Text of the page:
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Pompeo Schiantarelli (1746-1802/5)
As far as I can determine, Pompeo Schiantarelli, was from Rome. There is an extant architectural sketch of his as part of a competition at the prestigious Accademia di San Luca Archivio Storico, an art academy that still exists. The sketch is from 1766; thus, we may conclude that he was a student there. (A reference may be found in I Disegni di Architettura dell'Archivio Storico dell’ Accademia di San Luca by P. Marconi, A. Cipriani and E. Valeriani. Rome, 1974.)
An engraved plate from the Istoria.
Most interesting in this prolific career is an episode only tangentially connected to architecture, having more to do with geology. The great Lisbon earthquake of 1755 produced the first example in Europe of technical diagrammatic illustrations of the effects of such a disaster (by British natural philosopher John Michell and the Dutchman Johan Drijfhout). When southern Italy’s turn came in 1783—a series of calamitous quakes that killed 35,000 persons and devastated much of Calabria—the Neapolitan Academy of Science and Letters sent a team to record the devastation. Destruction of man-made structures as well as topographical changes to the environment were recorded on the scene with the aim of providing accurate and comprehensive visual documentation. Pompeo Schiantarelli led the team, and his 68 sketches (the engraving for printing the plates was done by Ignazio Stile) with fold-out plates and maps recorded in Istoria de' fenomeni del tremoto avvenuto nelle Calabrie e nel Valdemone nell'anno 1783 [Account of the Effects of the Earthquake in Calabria in 1783] (pub. Naples, 1784) are early examples of a pragmatic blend of art and scientific observation. At least two Calabrian towns, Polistena and Mileto, destroyed by the earthquake were rebuilt to plans laid out by Schiantarelli. (The plates and text of the earthquake account are widely cited and have been reprinted. They are thoroughly discussed in “Sections and Views: Visual Representation in Eighteenth-Century Earthquake Studies” by Susanne B. Keller in The British Journal for the History of Science, Vol. 31, No. 2 (June, 1998), Cambridge University Press.) I think there is only one book about Schiantarelli: Pompeo Schiantarelli. Ricerca ed architettura nel secondo settecento napoletano [Research and Architecture in Naples in the late 18th Century], by Francesco Divenuto (pub. Edizione Scientifiche Italiane, 1984).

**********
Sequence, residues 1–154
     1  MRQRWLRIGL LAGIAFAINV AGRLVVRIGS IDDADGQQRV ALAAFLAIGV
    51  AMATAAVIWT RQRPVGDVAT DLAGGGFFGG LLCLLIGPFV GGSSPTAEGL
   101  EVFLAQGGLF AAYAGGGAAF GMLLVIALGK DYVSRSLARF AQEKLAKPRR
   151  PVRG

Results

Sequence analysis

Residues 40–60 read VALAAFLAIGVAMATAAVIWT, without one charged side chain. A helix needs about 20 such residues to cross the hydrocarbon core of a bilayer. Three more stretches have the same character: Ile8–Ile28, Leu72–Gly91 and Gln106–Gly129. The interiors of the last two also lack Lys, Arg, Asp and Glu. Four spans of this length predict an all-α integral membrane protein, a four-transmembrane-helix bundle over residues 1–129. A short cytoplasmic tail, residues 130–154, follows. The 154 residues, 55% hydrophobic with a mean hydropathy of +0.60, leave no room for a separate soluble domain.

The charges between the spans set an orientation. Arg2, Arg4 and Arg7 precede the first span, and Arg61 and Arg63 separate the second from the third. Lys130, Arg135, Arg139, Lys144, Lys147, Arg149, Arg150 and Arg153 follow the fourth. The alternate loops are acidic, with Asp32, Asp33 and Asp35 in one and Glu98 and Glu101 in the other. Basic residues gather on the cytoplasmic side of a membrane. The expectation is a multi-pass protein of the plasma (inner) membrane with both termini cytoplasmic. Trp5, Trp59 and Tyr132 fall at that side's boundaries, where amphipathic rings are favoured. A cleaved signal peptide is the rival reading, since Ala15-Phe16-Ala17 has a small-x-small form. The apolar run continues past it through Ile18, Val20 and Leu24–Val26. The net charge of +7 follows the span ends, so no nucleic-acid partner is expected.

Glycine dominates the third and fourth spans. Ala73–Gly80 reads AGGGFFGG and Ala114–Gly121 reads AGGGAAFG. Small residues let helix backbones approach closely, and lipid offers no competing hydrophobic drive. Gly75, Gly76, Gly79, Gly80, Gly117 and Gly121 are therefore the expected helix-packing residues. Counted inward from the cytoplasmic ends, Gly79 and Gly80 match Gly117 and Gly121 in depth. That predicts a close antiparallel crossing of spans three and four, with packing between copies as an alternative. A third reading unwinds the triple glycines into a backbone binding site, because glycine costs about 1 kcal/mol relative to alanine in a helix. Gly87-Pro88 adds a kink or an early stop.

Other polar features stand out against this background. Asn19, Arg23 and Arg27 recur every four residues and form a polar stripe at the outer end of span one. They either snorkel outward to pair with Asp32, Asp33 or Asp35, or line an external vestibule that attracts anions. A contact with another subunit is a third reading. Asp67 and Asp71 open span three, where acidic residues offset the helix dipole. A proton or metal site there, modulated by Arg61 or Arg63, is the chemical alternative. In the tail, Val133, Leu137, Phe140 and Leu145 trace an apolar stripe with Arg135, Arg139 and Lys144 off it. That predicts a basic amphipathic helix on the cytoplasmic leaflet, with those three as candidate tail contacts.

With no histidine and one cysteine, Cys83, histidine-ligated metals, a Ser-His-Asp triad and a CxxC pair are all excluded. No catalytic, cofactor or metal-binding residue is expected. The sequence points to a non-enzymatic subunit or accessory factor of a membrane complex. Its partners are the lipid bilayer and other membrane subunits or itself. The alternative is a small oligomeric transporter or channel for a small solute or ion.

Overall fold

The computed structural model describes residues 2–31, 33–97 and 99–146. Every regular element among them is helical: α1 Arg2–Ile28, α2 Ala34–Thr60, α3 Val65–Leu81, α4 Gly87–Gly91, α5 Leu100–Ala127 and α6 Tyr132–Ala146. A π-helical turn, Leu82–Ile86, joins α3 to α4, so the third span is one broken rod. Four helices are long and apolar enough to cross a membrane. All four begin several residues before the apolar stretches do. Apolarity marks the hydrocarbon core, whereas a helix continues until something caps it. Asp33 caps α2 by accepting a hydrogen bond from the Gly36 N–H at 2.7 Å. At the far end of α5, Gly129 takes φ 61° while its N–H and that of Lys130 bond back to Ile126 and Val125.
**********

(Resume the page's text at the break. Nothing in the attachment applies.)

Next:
[Also see this entry on the rebuilding of Calabria in the wake of the earthquakes.]
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